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Understanding the Data Pipeline



When data needs to be moved from one location or another, there not only needs to be an infrastructure that will allow such movements, but also the processes in place to ensure the smooth and efficient transport of the data. In such instances, there is a need for what is called a data pipeline.


Definition


A data pipeline is an end-to-end sequence of digital processes that are used to collect, modify, and deliver data from one location to another so it can be stored, used for analytics, or combined with other data. As such, the data pipeline is a critical element for data integration to happen- that is the ingestion, processing, preparation, transformation, and enrichment of structured, unstructured, and semi-structured data in a governed manner.


As the name suggests, data pipelines act as the “piping” for data-heavy tasks, usually data science projects or business intelligence dashboards. Well-organized data pipelines provide the foundation for a range of data projects, including exploratory data analyses, data visualizations, and machine-learning tasks.


How data travels through the data pipeline


The process the data goes through within the data pipeline goes through the following stages:


  1. Collection/Extraction – Data is pulled from any number of sources and can come in a wide range of formats from database tables, file names, topics, and queues, to file paths (HDFS). At this stage, there is no structure or classification of the data, making it an actual data dump in which no sense can be made from it in this form.

  2. Governance - Once the data is collected, it then has to be organized at scale, what is otherwise known as data governance. It starts with linking the raw data to its business context so that it becomes meaningful, then taking control of its data quality and security, and fully organizing it for mass consumption.

  3. Transformation – Data then undergoes transformation wherein the dataset is cleansed and changed to reflect the correct reporting formats. Unnecessary or invalid data is eliminated, and the remaining data is enriched in accordance with a series of rules and regulations determined by the business needs for the data.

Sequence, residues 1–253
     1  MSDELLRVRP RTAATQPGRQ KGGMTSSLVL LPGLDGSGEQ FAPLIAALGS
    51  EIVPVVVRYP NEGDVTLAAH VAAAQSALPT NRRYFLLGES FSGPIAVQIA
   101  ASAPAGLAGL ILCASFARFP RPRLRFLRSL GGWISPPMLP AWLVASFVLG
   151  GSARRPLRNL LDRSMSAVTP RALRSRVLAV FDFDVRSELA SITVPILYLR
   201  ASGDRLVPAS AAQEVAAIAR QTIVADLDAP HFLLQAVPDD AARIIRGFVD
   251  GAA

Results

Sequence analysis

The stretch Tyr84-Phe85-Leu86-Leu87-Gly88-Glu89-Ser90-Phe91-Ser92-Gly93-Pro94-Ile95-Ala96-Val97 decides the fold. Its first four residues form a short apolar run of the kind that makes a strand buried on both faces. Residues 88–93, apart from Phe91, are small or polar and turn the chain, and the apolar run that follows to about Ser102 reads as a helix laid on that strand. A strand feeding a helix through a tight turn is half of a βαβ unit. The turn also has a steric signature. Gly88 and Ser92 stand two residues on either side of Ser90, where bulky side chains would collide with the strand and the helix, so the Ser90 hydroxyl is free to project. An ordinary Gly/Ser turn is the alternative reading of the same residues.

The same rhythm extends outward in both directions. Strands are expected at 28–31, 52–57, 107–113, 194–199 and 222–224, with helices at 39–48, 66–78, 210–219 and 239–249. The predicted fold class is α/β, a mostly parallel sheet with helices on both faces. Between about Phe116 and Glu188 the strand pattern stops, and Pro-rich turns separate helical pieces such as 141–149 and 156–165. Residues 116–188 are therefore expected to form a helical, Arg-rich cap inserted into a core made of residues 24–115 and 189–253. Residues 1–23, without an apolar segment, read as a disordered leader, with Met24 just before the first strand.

The standards that ensure data quality and accessibility during this stage should include:

  • Standardization: Defining what data is meaningful and how it will be formatted and stored.

  • Deduplication: Reporting duplication, as well as excluding and/or discarding redundant data.

  • Verification: Running automated checks to verify data and prune unusable data and other red-flag anomalies.

  • Sorting: Categorizing data to maximize data efficiency.

  • Sharing: With data fully transformed, it is finally ready to be shared with other users in a secure manner.


Types of data pipelines


Data pipelines are classified according to their usage, either through batch processing or through real-time processing or streaming.


Batch processing pipeline – This pipeline loads “batches” of data into a repository during scheduled periods. Batch processing jobs form a workflow of sequenced commands, where the output of one command becomes the input of the next command, with minimal human intervention required, thus allowing the management of large amounts of data in an effective manner. Batch processing is usually the optimal data pipeline when there is no immediate need to analyze a specific dataset and is primarily used for traditional analytics use cases where data is being periodically collected, transformed, and transported for conventional business intelligence use cases and functions.


Streaming pipeline – This pipeline makes use of a streaming processing engine to process real-time analytics needed by the business for inventory tracking, fraud detection, predictive maintenance, proactive customer care, or other use cases. It also enables users to gather structured and unstructured data from a wide range of streaming sources such as the Internet of Things (IoT), connected devices, social media feeds, and mobile applications using a high-throughput messaging system making sure that data is captured accurately. Streaming processing has lower latency than batch processing though not as reliable since messages can be unintentionally dropped or get stuck in queue at times.


Benefits of a data pipeline


By consolidating data from all disparate sources into one common destination, the data pipeline offers numerous benefits for the enterprise. For one, it enables a more efficient and rapid data analysis for business insights. Since the process is automated from the get-go and in succeeding iterations, this also saves critical time for the business, allowing users to focus on more intense or critical workflows.


There is also the benefit of data standardization as it allows for the establishment of a common and uniform format, allowing for a more consistently comprehensive and effective data analysis. In turn, this allows for trends and other patterns to be easily identified, paving the way for more predictive decision-making to be implemented.


Overall, the data pipeline allows for more efficient utilization of data, facilitating improved resource allocation, decision-making, and usage by the business and its users.

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